Friday, April 20, 2012

MPI Celebrates its 10th Anniversary

 The Migration Policy Institute (MPI) marked its 10th Anniversary with a gala reception in Washington, D.C., paying tribute to several visionaries in the U.S. and international migration arenas. Initially a project at the Carnegie Endowment for International Peace, MPI a bit more than a decade ago became the first-ever, stand-alone, independent think tank dedicated solely to the study of U.S. and global migration policy and trends.

In the decade since its founding, MPI has played an influential role in the immigration policy discussions that have taken place in the United States, Mexico, Canada, Europe and beyond – providing an evidence-based, pragmatic, non-ideological approach to sound migration management and immigrant integration policymaking designed to benefit all stakeholders.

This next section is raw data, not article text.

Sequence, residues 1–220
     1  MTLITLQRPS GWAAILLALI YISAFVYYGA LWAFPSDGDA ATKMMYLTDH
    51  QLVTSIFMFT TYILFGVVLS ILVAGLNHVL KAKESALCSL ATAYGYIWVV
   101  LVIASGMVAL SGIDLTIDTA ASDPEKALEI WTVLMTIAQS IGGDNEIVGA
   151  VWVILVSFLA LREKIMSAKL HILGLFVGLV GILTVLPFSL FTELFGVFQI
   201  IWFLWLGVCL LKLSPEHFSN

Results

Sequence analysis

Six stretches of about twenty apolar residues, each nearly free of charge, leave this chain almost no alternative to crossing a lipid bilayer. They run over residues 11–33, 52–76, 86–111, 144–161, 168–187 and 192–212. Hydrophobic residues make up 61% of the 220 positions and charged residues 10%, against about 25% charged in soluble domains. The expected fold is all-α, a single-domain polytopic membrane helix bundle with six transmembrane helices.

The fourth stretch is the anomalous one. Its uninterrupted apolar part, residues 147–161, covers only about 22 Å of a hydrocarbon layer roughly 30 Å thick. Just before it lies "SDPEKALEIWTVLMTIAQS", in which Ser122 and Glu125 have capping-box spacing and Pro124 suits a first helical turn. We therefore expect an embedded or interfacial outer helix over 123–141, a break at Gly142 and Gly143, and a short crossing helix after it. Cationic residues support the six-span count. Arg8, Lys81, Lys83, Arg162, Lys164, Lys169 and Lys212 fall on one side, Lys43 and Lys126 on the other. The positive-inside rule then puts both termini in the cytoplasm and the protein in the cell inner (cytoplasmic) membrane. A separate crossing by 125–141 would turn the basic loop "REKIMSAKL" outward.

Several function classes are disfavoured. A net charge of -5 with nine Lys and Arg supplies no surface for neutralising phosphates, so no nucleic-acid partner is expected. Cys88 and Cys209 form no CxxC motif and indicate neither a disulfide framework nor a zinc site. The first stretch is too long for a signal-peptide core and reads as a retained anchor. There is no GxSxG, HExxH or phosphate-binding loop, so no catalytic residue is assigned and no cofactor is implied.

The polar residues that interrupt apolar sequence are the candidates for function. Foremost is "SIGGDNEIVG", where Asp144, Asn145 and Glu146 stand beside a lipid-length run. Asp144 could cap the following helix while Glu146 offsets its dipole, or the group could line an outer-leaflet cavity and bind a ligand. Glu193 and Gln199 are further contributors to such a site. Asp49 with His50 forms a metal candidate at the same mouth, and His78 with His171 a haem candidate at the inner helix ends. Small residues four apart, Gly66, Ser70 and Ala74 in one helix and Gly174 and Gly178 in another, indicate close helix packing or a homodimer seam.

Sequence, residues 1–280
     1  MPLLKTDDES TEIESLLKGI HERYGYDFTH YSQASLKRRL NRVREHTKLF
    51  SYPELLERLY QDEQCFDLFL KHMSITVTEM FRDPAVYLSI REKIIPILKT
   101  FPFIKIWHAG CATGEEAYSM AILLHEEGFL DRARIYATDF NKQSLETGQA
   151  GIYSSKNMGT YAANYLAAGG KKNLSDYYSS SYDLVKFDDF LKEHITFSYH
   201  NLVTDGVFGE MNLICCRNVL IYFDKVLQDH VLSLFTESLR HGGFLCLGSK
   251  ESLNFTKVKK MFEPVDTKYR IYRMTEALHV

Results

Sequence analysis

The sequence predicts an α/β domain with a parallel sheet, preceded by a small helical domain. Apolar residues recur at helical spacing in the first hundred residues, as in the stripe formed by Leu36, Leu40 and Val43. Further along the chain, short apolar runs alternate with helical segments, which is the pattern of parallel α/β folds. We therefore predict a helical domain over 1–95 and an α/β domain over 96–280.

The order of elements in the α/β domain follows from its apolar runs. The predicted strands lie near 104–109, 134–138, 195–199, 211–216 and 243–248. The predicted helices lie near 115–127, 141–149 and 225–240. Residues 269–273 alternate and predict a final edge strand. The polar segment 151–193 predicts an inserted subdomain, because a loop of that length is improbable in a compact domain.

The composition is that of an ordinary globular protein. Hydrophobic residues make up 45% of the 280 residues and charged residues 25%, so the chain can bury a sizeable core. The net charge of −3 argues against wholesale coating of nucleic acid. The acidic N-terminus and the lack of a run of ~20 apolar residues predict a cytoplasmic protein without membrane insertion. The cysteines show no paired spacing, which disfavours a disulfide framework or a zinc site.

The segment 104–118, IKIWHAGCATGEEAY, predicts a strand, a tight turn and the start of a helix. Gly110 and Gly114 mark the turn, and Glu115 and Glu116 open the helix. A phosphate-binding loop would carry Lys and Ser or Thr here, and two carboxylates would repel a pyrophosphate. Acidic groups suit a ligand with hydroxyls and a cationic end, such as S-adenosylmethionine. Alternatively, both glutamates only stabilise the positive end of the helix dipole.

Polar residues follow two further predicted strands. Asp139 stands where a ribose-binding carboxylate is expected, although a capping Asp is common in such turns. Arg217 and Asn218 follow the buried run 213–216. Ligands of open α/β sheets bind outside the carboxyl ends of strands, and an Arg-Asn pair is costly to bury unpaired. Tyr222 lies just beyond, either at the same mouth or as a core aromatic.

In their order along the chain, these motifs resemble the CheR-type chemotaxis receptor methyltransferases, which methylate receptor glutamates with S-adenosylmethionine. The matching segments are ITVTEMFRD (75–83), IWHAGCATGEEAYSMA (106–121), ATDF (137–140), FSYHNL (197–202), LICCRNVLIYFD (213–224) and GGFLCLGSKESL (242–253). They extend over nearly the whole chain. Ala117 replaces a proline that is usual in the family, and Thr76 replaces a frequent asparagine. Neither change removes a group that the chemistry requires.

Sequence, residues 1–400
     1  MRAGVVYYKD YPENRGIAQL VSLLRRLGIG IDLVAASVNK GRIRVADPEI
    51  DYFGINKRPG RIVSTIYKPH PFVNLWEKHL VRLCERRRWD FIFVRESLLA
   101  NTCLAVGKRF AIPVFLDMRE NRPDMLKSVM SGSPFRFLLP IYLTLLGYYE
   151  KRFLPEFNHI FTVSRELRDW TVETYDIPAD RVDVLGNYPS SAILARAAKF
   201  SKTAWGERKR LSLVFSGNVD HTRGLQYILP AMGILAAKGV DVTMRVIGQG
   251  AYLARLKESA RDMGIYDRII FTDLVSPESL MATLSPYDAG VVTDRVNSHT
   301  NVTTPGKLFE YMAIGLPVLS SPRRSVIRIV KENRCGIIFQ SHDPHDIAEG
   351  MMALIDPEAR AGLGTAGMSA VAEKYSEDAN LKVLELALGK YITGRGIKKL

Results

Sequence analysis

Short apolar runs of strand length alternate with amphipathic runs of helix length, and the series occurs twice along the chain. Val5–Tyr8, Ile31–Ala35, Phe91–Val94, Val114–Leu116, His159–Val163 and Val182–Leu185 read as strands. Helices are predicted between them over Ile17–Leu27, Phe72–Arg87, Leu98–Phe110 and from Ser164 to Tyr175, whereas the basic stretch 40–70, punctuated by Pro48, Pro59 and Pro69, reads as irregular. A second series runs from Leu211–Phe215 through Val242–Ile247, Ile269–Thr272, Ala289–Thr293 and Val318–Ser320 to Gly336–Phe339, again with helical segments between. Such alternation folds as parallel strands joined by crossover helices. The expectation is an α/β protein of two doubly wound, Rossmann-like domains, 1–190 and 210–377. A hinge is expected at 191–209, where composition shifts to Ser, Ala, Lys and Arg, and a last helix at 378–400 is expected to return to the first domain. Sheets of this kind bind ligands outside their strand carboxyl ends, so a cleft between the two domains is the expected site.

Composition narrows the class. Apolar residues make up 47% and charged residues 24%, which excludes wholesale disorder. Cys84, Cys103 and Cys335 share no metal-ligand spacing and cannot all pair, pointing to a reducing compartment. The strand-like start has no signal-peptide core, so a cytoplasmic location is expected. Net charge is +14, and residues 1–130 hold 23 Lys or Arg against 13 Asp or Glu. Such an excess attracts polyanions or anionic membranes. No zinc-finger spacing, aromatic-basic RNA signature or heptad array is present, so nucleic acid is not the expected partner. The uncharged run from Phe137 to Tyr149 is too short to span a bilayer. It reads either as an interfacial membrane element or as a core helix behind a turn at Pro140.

The Institute’s work has been advanced through the publication of more than 300 reports and books; testimony before the U.S. Congress, national parliaments and blue-ribbon commissions; hundreds of public briefings; and countless private meetings and convenings with key government and civil-society leaders around the world. Headquartered in Washington, MPI has established presences in Bangkok, Brussels, London and New York and can leverage the expertise of affiliated fellows and partners elsewhere around the world. In 2011, Migration Policy Institute Europe was established in Brussels as a non-profit, independent research institute focusing on European migration analysis and policy design.